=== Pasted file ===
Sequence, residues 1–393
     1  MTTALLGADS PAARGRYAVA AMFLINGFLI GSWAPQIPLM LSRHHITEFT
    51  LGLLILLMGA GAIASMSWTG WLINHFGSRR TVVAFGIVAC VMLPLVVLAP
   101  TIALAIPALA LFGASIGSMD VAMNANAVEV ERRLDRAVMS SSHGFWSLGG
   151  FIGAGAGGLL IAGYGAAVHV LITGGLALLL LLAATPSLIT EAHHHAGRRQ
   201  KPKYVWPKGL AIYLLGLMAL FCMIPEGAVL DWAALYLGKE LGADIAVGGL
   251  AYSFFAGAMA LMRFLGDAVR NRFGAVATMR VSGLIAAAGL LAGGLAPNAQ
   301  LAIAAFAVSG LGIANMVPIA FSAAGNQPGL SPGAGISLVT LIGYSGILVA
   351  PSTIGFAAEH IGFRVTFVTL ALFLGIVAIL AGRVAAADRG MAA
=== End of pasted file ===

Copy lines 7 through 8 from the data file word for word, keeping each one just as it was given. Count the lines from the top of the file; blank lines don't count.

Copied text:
   251  AYSFFAGAMA LMRFLGDAVR NRFGAVATMR VSGLIAAAGL LAGGLAPNAQ
   301  LAIAAFAVSG LGIANMVPIA FSAAGNQPGL SPGAGISLVT LIGYSGILVA